So, what exactly is the problem we are trying to solve, and how did we get there? To understand this we have to go back to the late 19th century. Although no one could have guessed back then, the invention of the typewriter would have a dramatic influence on how we set type today. In the cold metal days the interaction with type was straightforward – the typesetter had a visual overview of all the available characters or “sorts” as they were laid out in a compartmentalized open drawer. This all changed in the 1880s with the invention of Ottmar Mergenthaler’s Linotype line caster and Tolbert Lanston’s Monotype keyboard and caster which revolutionized typesetting. The speed of typesetting increased tremendously, partly thanks to a new type of user interface consisting of a keyboard featuring 90 keys and 120 keys respectively. The rapid and widespread adoption of the typewriter in the office environment however made the manufacturers of early personal computers copy its more limited keyboard of a mere 40-odd keys instead. This reduced typesetting to its crudest, most basic form, creating what I like to call the keyhole effect. Most users are unaware of the sophisticated typesetting possibilities of today’s personal computers because they have to interact with fonts through a keyboard offering a minimal subset of the character set. It is as if they are looking at their fonts through a keyhole. The best way to solve this problem is with type menus, yet this is exactly where every single app – not just Adobe’s – is severely lacking.

The inadequate font menus in apps are the result of a textbook chicken-and-egg situation that is perfectly illustrated with two examples.


The “Building The Perfect What?” panel (ATypI, Barcelona). From left to right: Martina Flor, Nadine Chahine, Caleb Belohlavek, Simon Daniels, David Kuettel, and moderator David Berlow.
Photo by Henrique Nardi.

I was told that at TypeCon Seattle back in 2007 an Adobe rep gave a talk as part of a panel. When it was time for questions, a member of the audience asked why the OpenType user interface in Adobe’s CS apps is so convoluted and incomplete, and why is there no uniformity across Photoshop, Illustrator and InDesign. The Adobe rep’s response was that people just don’t care enough, adding that if there were enough users making the request the functions would be added. Apparently this elicited loud boos from the audience, with some even throwing their programs on stage.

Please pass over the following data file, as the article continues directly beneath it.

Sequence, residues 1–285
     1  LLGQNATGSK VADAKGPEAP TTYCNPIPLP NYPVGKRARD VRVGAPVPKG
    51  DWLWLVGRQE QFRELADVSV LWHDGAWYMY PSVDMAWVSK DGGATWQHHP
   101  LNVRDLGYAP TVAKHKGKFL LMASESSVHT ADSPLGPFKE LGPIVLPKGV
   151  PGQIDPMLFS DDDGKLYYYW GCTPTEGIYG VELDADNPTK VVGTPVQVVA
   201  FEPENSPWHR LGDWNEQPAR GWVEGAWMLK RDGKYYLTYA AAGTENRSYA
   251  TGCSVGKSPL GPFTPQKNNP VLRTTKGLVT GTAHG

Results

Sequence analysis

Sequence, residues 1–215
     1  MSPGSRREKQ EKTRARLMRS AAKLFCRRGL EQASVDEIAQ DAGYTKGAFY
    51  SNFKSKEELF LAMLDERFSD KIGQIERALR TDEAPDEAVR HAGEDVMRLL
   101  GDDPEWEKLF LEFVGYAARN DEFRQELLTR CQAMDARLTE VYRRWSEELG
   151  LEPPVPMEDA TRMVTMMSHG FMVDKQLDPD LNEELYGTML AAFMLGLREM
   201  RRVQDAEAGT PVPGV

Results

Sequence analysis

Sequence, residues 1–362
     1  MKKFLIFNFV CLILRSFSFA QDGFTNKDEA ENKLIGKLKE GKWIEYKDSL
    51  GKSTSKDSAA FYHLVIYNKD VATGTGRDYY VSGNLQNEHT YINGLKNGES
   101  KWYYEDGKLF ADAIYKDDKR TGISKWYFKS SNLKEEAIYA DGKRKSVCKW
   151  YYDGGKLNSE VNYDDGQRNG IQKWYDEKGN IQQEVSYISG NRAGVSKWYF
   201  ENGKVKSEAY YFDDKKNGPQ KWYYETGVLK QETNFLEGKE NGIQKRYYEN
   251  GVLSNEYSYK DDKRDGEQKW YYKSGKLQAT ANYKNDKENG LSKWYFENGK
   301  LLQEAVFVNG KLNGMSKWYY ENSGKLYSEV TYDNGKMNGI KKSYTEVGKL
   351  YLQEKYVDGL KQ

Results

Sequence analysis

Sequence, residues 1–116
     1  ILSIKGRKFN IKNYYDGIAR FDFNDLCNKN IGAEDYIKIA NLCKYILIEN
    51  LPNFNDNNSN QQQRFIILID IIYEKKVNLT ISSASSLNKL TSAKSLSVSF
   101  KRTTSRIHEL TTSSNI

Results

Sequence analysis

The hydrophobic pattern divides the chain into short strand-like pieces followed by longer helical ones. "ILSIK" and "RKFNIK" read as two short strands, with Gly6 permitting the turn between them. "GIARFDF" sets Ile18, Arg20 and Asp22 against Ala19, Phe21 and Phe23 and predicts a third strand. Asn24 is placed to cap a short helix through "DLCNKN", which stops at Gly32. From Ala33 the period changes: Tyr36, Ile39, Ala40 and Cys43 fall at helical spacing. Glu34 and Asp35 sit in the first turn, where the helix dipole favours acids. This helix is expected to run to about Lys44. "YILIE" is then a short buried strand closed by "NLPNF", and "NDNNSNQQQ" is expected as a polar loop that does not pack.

Yet the reason why people don’t appear to care enough about typographic features is that they are unaware of them, exactly because they cannot be properly addressed in the apps as a result of the poor UI – the very existence of the problem means most people don’t realize the problem exists. When we discussed the open letter and petition prior to publishing, Jonathan Hoefler recounted the following personal experience.

Last year, I did a presentation to AIGA/NY, to an audience of editorial art directors, agency creatives, and in-house design teams from cultural institutions. Not only was it a good cross-section of disciplines (print, web, mobile, etc.) but also a good sample of engagements: there were creative directors and brand managers in attendance, along with their design teams who do all of the hands-on work.

During the Q&A, I got an interesting question from someone who uses Gotham, who wondered if we’d ever thought about building a special version of the font that would use just the alternate ‘a’, not all the other forms invoked by the stylistic alternates option. I mentioned that we usually handle this with Stylistic Sets, one of my favorite OpenType features, one that was thoughtfully included in InDesign (though so far, not in Illustrator.) I got a blank look in response. “Just curious,” I said to the assembled, who numbered about five hundred. “Can I see a show of hands, for who here uses stylistic sets?” Not a single hand went up. Not one. “Who here uses InDesign?” All hands.

It makes no sense for the developers at Adobe to wait for requests from end users because these users don’t yet know what’s possible with the technology. In the words of Hoefler “It’s like expecting patients to ask for accelerating the development of substituted phenoxathiin inhibitors containing no nitrogen: what is this? what’s it good for? supporting this comes at the expense of what?” It is the job of people with tight connections to the type world to advocate for these solutions on behalf of type users. Our open letter and petition tackle both problems head on: on the one hand, we are informing and sensitizing the general audience about the state of type UI; on the other hand we are gathering as many signatures as possible so that developers can no longer ignore this issue.


The Character windows and fold out menus in Adobe CS4.

Our open letter is but the first step. Now we need to gather suggestions and gather a team of specialists to conceptualize a universal typographic user interface. Gerry Leonidas summarized it perfectly:

“Prototyping the proposed interface will need to be done in an app-agnostic way, and from a document designer perspective.”